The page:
Sat | Dec 16, 2017

Oral Tracey | The eyewitness account

Published:Tuesday | December 5, 2017 | 12:00 AM
Jamaica College (JC) team manager Ian Forbes was one of the persons implicated of verbal abuse in the official match report after the ISSA/FLOW Super Cup semi final match between JC and Kingston College two weeks ago.

The notion that perception is often different from reality applies perfectly to the ongoing controversy that at various points, threatened to derail and indeed overshadow the climax of the 2017 schoolboy football season. In this case, the perception being created was that some egregious abuse and criminal threats were aimed at the referees for that now infamous ISSA/FLOW Super Cup Semi final between rival schools Kingston College and Jamaica College (JC). This is nothing short of a figment of someone's paranoid, misguided and egotistical imagination.

As a close up eyewitness, with no major connection to either school , from what I saw and heard in those telling moments there were no threats and indeed no abuse of the referees, and this incident has got to be the most exaggerated an overblown incident of its kind of the decade, possibly the century.

A lot of the opinion formed and views expressed on this issue are based on television pictures and views from the distance of the stands without the benefit of hearing the exchanges and an appreciation of the context of the way the sequence of the events unfolded. It is now obvious that the intricate nuances of the incident looked worse than they actually were.

By virtue of being the public address announcer at the event, I happened to have been no more than three, possibly four meters from where the fourth official was stationed, and another three meters from the Jamaica College bench. Within moments of the final whistle, I moved to within an arm's length of the fourth official to seek clarity on that pivotal decision, just as Messrs Forbes and Peart approached him, admittedly in an emotional state and animated tone. But does an emotional state and animated tone equate to being threatening and abusive? Certainly not!

I saw and heard the entire exchange between the accused gentlemen and the fourth official and in my humble unattached opinion, no abuse and or threats occurred. Indeed, the fourth official appeared quite calm and understanding of the situation as he explained to myself and the JC officials why it was indeed an indirect and not a direct free kick. My understanding is that it was this same fourth official who wrote the referees report on the game, and it is a little befuddling to see the disparity and indeed the disconnect between what actually transpired the way it transpired and what came out in the report.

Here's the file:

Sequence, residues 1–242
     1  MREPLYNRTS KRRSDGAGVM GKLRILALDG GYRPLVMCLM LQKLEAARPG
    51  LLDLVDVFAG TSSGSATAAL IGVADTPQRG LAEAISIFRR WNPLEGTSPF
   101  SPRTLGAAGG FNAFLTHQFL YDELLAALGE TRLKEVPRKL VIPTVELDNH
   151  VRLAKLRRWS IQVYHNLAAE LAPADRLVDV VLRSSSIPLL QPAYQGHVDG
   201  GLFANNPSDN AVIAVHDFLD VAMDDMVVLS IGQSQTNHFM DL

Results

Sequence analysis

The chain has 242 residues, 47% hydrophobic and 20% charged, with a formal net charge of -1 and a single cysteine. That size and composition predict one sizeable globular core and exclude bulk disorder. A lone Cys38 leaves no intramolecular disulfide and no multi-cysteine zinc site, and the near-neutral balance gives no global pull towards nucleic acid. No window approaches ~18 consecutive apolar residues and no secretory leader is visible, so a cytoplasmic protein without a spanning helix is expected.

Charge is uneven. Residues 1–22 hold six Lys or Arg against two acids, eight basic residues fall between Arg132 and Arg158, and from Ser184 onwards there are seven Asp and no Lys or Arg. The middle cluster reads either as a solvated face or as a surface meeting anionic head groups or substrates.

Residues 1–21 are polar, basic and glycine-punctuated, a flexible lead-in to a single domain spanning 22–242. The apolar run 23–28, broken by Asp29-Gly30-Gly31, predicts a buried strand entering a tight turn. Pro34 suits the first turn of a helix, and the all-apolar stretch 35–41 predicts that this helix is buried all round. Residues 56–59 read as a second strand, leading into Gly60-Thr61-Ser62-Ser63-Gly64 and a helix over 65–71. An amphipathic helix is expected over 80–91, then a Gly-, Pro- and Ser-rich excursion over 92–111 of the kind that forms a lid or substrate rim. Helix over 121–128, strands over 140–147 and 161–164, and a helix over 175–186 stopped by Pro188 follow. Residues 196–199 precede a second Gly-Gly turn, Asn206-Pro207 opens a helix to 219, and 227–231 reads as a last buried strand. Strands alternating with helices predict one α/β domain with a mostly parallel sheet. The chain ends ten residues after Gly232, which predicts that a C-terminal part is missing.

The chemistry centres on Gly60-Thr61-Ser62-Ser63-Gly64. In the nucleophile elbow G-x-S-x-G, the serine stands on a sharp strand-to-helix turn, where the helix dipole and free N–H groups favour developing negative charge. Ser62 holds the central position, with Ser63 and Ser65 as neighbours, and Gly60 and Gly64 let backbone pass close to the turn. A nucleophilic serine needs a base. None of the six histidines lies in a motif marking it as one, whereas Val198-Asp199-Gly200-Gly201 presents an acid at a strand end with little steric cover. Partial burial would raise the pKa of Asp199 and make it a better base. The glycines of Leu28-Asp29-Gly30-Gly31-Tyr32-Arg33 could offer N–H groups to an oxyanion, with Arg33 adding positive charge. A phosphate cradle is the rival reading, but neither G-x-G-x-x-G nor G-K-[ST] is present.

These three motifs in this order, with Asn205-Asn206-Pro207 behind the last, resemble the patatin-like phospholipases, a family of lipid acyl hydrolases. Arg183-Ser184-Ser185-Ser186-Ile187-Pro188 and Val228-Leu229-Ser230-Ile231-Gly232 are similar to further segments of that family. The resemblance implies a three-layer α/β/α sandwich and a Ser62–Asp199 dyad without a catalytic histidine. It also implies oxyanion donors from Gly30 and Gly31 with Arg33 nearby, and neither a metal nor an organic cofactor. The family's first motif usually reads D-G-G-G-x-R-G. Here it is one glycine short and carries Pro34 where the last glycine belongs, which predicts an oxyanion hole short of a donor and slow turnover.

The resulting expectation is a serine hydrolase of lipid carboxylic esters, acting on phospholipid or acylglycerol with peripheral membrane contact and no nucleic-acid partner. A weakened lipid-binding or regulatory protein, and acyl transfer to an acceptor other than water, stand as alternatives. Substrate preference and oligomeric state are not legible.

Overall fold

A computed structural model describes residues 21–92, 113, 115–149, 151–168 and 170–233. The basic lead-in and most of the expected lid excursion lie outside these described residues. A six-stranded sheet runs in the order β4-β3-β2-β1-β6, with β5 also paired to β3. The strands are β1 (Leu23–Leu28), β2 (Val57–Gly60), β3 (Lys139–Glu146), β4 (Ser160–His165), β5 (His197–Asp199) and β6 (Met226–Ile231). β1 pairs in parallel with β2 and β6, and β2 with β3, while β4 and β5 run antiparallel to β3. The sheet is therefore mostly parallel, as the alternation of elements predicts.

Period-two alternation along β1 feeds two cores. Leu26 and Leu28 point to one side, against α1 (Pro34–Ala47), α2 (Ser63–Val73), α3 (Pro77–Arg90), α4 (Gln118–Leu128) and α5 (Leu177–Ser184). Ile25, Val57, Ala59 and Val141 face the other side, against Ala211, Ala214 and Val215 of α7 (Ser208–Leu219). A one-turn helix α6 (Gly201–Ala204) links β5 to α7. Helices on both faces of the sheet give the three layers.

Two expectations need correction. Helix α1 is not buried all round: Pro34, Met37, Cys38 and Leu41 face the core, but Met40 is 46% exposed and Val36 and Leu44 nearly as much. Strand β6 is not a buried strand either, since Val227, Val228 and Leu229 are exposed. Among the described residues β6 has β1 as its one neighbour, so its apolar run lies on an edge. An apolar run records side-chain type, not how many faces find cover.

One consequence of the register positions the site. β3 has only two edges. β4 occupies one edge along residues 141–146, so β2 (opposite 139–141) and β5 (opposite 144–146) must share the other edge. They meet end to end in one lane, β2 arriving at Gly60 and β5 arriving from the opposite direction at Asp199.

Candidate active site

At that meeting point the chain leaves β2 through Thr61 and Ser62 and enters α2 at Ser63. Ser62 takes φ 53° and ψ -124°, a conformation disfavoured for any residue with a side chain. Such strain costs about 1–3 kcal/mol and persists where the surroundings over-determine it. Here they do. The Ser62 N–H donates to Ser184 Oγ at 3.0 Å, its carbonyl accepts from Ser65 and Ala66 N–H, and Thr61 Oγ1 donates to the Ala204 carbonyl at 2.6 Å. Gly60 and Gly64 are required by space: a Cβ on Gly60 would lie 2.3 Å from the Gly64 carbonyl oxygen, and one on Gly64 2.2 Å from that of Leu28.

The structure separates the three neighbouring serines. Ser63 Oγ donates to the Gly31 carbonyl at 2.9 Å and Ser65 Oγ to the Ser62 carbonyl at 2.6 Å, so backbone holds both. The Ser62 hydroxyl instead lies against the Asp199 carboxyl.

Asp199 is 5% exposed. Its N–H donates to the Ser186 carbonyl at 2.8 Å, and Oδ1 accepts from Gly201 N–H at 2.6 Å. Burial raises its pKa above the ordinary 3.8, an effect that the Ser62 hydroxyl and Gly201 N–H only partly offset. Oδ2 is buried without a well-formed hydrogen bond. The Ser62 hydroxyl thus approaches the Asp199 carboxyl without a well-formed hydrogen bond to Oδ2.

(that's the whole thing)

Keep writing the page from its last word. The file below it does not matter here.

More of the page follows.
Crossed wires

 

The sequence of events which saw things escalate to the match officials literally hijacking the start of both the Super and Manning Cup finals, shows us clearly that the problem with this issue lies in some person or persons misguided quest to be accuser, judge, jury and executioner all in one.

A lot of wires seem to have been crossed in the analysis and the discourse surrounding this issue. No one in their right senses can condone or support the abuse and or threatening of game officials, but in the same breath, simply speaking to or making queries of the game officials, cannot be necessarily deemed abusive and threatening. Coaches, assistant coaches, managers and players query referee calls every single day at almost every level of football, many times in an animated and emotional manner.

Let us not lose ourselves in silly self righteousness. There has been a massive exaggeration and overreaction to what were the natural reactions of ambitious football team officials who had just lost a heated semi final game against their rival school. The fact that the referee's decision was one hundred percent correct and the outburst itself turned out to be baseless, does not automatically mean that abuses and threats occurred.

If merely questioning the referees call rightly or wrongly constitutes threats and abuses, then we are all losing our minds. Again, as a close up eyewitness, all I heard and saw from desperate JC team officials were repeated animated queries as to why the free kick in question was an indirect free kick and not a direct free kick. This exchange went on for approximately sixty seconds, possibly less. The referee explained, and the JC officials eventually swallowed their bitter pill and moved on. What ensued was an unnecessary, but typical overreaction and the creation of another massive storm in a tea cup, by we all know who.